Whether a person is "indispensable," that is, whether a particular lawsuit must be dismissed in the absence of that person, can only be determined in the context of particular litigation. A decision to proceed is a decision that the absent person is merely "necessary" while a decision to dismiss is a decision that he is "indispensable." The decision whether to dismiss must be based on factors varying with the different cases, some such factors being substantive, some procedural, some compelling by themselves, and some subject to balancing against opposing interests.
A diversity action was instituted by the estate of a person who was killed in an automobile-truck collision, the estate of another deceased person and another person who had been injured in the collision also being joined as plaintiffs, against the estate of the driver of the automobile and the liability insurer of the owner of the automobile for a declaratory judgment that the driver's use of the automobile had been with the permission of the owner within the coverage of the insurance policy. The trial resulted in directed verdicts for the two estate plaintiffs and a jury verdict for the third plaintiff, and the trial court denied the insurer's motions for new trial and for judgment. On appeal by the insurer, the appellate court dismissed the insurer's appeal. On certiorari, the Supreme Court of the United States reversed.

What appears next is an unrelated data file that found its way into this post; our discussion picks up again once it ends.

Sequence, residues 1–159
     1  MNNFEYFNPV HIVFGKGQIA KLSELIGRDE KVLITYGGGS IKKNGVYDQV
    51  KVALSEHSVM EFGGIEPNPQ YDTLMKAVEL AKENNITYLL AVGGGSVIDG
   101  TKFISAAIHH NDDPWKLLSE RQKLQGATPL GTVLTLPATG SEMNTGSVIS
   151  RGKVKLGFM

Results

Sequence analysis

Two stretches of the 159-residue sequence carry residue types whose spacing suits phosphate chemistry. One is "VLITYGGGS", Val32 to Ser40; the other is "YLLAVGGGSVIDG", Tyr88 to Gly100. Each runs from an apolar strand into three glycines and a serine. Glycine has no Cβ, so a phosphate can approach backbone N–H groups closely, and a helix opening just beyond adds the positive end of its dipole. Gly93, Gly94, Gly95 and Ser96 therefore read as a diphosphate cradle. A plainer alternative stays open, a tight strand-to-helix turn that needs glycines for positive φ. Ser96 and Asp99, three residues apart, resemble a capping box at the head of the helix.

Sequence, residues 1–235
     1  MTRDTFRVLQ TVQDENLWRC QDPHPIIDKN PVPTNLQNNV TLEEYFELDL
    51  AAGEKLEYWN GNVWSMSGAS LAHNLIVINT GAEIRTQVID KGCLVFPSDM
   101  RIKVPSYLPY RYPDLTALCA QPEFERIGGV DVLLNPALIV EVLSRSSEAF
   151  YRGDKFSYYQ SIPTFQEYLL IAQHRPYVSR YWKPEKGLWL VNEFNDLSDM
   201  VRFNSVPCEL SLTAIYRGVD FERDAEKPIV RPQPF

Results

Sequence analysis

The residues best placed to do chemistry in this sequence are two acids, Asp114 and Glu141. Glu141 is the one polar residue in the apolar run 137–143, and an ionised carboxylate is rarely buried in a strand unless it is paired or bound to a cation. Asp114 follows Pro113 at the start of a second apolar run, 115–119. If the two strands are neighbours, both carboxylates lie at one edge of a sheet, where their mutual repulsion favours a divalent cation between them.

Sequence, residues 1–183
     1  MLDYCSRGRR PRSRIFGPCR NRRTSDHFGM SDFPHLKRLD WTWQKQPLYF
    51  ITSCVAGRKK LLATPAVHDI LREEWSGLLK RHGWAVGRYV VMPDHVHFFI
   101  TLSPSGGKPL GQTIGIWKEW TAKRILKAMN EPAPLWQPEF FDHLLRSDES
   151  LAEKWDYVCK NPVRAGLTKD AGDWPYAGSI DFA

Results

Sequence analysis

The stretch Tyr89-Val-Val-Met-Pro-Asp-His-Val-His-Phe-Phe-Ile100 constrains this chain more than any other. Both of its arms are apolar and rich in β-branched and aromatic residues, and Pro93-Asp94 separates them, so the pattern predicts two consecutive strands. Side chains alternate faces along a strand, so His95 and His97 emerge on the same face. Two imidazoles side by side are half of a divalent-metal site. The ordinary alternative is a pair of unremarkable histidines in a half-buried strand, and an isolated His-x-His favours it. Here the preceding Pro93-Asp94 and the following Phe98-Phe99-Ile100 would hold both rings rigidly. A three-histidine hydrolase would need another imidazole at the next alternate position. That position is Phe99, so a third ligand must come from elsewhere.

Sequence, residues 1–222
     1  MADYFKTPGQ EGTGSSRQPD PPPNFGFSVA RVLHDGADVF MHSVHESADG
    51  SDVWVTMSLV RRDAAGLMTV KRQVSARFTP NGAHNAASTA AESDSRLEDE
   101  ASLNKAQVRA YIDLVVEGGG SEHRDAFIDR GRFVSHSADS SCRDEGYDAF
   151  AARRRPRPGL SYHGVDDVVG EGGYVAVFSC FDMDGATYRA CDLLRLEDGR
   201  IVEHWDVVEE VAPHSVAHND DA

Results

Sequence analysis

Was the insured an indispensible party?
The Supreme Court vacated the judgment party because the insured would have prevented diversity jurisdiction and remanded the case for consideration of the issues raised on appeal. Although the insured was an indispensable party, the estates' interest in an adequate remedy would have been harmed by allowing only a state court action after fully litigating the judgment. The insured was not harmed by the judgment for the estates because he was not bound by it, and it was unlikely that the judgment against the insurer would have prevented him from relitigating his interests. Relief could be shaped to meet the criteria of Fed. R. Civ. P. 19, so that the action could proceed. The lower court had to next consider issues raised on appeal that had not been raised at trial.